baghdad - The first hours of the parliamentary elections in Iraq went quietly. Staatsmedia reported that no major incidents occurred until noon.
There were complaints from Fallujah, a city west of Baghdad where former dictator Saddam Hussein had a lot of support. Residents of Fallujah said that due to technical problems they could not cast their vote. In a neighborhood in the northern city of Mosul, residents complained that they had to walk for an hour to vote.
In the parliamentary elections on Saturday, 329 parliamentary seats are at stake. There are approximately 7,000 candidates for this.
According to the polls, the Shiite alliance of Prime Minister Haider al-Abadi presumably gets the most seats in parliament, even though many Iraqis blame the head of government for not having succeeded in getting the economy out of the doldrums. Abadi claims that under his leadership the terrorist group Islamic State (IS) has been defeated.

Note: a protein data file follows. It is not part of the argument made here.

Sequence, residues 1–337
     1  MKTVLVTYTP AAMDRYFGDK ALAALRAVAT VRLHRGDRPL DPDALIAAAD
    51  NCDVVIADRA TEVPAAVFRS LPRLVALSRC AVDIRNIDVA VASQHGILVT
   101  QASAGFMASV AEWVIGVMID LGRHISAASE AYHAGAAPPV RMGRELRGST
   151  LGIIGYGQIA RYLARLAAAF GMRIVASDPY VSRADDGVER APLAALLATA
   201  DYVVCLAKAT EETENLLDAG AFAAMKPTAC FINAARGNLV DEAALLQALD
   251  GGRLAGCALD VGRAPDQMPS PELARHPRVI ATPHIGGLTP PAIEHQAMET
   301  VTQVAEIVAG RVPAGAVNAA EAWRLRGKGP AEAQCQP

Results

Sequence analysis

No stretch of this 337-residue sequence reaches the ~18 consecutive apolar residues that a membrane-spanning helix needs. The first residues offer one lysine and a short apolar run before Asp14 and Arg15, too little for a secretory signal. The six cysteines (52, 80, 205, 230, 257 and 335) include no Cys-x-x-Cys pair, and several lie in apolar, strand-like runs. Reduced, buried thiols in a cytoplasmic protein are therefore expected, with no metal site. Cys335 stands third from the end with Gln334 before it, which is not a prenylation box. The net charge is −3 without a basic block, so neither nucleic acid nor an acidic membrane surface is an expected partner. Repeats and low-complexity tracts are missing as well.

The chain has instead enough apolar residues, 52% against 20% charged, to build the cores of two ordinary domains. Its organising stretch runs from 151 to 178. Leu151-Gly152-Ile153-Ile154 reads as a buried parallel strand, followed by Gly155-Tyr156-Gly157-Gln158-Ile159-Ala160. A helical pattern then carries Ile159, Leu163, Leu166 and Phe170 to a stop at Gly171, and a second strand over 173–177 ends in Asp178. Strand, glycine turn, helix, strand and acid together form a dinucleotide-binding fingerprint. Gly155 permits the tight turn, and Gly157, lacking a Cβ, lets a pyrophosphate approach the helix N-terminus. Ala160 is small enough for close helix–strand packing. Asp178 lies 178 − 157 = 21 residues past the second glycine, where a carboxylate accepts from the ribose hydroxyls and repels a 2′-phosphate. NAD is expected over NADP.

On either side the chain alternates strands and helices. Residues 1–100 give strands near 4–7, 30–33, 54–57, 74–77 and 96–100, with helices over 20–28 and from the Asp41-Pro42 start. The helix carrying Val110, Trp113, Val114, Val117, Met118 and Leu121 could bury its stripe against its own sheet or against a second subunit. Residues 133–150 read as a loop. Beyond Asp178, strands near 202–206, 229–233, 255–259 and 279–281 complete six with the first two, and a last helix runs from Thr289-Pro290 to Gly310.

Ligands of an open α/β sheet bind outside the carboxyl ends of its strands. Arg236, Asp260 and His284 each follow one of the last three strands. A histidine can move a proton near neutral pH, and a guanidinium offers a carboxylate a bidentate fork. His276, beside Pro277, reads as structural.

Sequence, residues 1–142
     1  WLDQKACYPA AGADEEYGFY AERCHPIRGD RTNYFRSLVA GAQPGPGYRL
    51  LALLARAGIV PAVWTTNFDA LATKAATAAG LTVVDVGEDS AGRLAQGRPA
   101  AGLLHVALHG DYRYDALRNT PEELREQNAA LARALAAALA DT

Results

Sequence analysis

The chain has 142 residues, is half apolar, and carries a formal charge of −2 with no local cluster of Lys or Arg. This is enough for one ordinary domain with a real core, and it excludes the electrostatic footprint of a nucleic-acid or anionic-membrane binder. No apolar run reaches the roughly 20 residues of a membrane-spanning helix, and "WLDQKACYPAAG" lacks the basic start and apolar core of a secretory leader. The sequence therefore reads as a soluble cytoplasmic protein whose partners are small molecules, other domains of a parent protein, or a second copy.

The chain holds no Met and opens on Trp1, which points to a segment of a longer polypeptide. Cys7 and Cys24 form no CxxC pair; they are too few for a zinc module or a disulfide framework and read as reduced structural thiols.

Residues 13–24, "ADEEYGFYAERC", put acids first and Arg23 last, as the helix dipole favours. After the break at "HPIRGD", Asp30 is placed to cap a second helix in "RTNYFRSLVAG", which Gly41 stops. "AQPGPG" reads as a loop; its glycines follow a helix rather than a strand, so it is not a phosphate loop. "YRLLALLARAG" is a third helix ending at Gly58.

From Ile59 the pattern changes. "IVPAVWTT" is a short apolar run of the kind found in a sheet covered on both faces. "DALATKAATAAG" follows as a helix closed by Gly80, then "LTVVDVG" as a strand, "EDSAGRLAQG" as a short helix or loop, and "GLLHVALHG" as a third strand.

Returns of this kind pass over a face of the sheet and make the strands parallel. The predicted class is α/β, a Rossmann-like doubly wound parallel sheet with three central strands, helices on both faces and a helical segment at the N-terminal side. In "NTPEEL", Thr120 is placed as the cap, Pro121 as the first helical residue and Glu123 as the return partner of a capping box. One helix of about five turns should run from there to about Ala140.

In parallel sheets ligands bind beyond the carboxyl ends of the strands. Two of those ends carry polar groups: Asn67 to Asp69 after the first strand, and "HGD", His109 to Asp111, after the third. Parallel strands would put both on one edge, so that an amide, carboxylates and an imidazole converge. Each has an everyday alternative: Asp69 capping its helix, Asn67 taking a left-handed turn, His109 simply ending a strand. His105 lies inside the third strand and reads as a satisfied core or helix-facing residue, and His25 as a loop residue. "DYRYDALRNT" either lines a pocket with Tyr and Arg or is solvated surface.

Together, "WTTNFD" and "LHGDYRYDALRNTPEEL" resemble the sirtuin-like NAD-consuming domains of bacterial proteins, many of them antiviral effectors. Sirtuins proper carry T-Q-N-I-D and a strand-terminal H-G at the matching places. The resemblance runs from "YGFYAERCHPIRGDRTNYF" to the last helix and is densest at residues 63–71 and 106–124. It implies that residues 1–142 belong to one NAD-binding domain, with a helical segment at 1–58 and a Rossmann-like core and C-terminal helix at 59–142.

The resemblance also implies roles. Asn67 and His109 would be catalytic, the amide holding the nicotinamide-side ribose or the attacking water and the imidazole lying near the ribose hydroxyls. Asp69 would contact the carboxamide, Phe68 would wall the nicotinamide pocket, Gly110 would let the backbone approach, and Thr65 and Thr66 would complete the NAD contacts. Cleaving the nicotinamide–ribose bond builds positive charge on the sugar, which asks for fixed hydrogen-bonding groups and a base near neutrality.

The two main challengers of Abadi are the former Prime Minister Nuri al-Maliki and the militia leader Hadi al-Amiri. Like Abadi they are Shiites. Of the three candidates Amiri has the strongest ties with Iran.
The authorities have deployed tens of thousands of security personnel because attacks are being taken by IS.
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